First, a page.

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Living Local & Green

After a weekend of preparing our spring garden, and enjoying the oddly rare Pacific NW winter sunshine, I came across this short video from a panel on supporting your local economy and living green. She rambles a bit, but shares a few things that have inspired her, which in turn inspired me, which I hope will inspire you…


Let me know what you think…

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Sustainable Family Finances 
The story of a family creating an abundant and sustainable life.
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TGIFlex

Beyond being thankful for meaningful work and earning a steady paycheck, I’m eternally greatful for the “invention” of Flex Fridays. Getting every other Friday off makes getting up early and putting in long days totally worth it, especially when for the most part our kids remain in child care. Now we’ve got a double bonus, since Hubby was just approved for a Flex schedule (after six months!). And no, I’m not lounging around in a hammock, but this image does make me smile even if it is a fantasy.

Now how does our work schedule relate to family finances? On top of fewer miles to commute/pollute, there are plenty of financial implications regarding your work schedule:

  • Time to run errands = more time for family fun
  • Time to exercise = better health and wellness. fewer sick days
  • Time together as a couple = paying for a babysitter less often
  • Time for extended holiday weekends = fewer vacation leave used
  • Time to do house cleaning = not needing to hire a maid

  • Time to do laundry = constant chore made a bit easier

All this time is valuable for busy working parents, and there’s a movement afoot to shift our entire culture toward flexible scheduling. MomsRising, my favorite moms activism group, has flexible work as a top priority on their policy agenda. I couldn’t agree more and 89% of employees think that flextime or telecommuting are an important factor in evaluating a prospective position (LifeMeetsWork).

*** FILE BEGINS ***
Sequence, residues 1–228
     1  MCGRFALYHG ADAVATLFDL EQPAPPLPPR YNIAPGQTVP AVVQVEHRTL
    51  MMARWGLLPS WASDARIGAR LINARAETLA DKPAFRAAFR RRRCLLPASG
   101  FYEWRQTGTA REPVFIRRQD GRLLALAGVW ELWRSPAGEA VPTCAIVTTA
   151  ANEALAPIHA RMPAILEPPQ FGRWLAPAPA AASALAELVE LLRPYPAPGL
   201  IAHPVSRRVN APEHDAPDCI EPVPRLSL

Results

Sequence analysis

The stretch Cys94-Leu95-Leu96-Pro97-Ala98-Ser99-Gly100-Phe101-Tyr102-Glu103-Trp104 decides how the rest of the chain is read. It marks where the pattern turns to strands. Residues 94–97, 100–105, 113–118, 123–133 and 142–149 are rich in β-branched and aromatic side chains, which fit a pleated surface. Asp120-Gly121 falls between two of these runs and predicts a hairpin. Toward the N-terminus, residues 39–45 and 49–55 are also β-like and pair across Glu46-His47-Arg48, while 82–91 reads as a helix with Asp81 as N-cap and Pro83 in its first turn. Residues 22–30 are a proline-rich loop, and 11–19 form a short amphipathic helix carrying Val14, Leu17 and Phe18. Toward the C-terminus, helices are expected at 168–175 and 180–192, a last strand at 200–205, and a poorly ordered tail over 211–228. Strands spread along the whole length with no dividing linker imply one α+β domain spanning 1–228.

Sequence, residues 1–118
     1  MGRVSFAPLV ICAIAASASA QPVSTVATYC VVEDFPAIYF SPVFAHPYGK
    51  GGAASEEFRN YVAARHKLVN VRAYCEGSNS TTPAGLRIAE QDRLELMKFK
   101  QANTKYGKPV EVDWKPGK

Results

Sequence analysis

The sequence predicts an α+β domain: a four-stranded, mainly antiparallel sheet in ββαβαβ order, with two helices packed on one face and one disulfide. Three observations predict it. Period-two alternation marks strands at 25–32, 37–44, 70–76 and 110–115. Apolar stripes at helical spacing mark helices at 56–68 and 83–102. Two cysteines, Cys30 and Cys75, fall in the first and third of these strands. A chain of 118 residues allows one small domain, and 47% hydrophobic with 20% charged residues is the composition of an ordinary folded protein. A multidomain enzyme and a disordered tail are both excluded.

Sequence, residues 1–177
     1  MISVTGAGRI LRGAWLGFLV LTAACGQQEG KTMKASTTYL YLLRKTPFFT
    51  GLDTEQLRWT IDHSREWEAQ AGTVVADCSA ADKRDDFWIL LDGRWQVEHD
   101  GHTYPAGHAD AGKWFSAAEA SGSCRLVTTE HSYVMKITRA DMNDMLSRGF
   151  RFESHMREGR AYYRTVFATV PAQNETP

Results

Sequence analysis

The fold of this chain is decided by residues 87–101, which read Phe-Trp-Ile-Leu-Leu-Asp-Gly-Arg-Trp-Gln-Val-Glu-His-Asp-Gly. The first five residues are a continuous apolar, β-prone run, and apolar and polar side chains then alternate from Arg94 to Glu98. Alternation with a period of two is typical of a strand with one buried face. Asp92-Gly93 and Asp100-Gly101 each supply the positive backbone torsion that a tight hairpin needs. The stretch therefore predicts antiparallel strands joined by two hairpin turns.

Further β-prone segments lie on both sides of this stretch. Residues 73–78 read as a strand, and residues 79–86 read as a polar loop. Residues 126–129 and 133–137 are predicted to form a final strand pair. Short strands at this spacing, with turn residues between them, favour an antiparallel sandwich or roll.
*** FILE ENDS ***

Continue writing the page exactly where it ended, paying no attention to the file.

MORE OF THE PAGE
I know that in the scope of history, we have things pretty good, but I truly believe that flex schedules are the next wave of labor policy. It’s really essential for productivity both at work and home. If you think there’s a chance your employer might be receptive, there are some good tips to requesting a a flexible schedule.

Do you have a flexible schedule?
How does it help your family and your finances?

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Sustainable Family Finances 
The story of a family creating an abundant and sustainable life.

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Green is the New Black

Trends change, and lately they are turning a darker and darker shade of green. In college I met an environmental lecturer who said that we would know that we were reaching a sustainable society when the clothes on our backs no longer destroy local cultures and environments. Apparently the darker the dye the worse the practices, and I happened to be wearing a brand new pair of black pants and eggplant purple top; I felt chagrined.

The runway shifts may have begun with a few local “trashion” shows, like Portland’s Junk to Funk, which shows how reused materials can become fashionable. Now the hot handmade online trading site Etsy has it’s own Trashion network for crafters with a knack for upcycling. A quick search also came up with a list of the Top 50 Green Fashion and Design Blogs…I’m definitely going to have to take a peek.

This week the Seattle Times had a interesting article on how “Green is the New Black.”  Apparently even during the recession earth-friendly apparel is moving fast. I find this interesting, because despite the appeal we can’t afford Patagucci or local boutique baby clothing. I bought an overpriced bamboo shirt two years ago, and I still feel a twinge of guilt. I also have a little bit of mommy-guilt around this issue too, because my Mama sewed our clothes until we started asking for store bought in grade school. Yet, as a busy working Mama, I can barely manage to keep my kiddos in clothes that fit them, none-the-less sew them myself!

Does your family purchase eco-friendly attire?
Or would you if it were more affordable?

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Sustainable Family Finances 
The story of a family creating an abundant and sustainable life.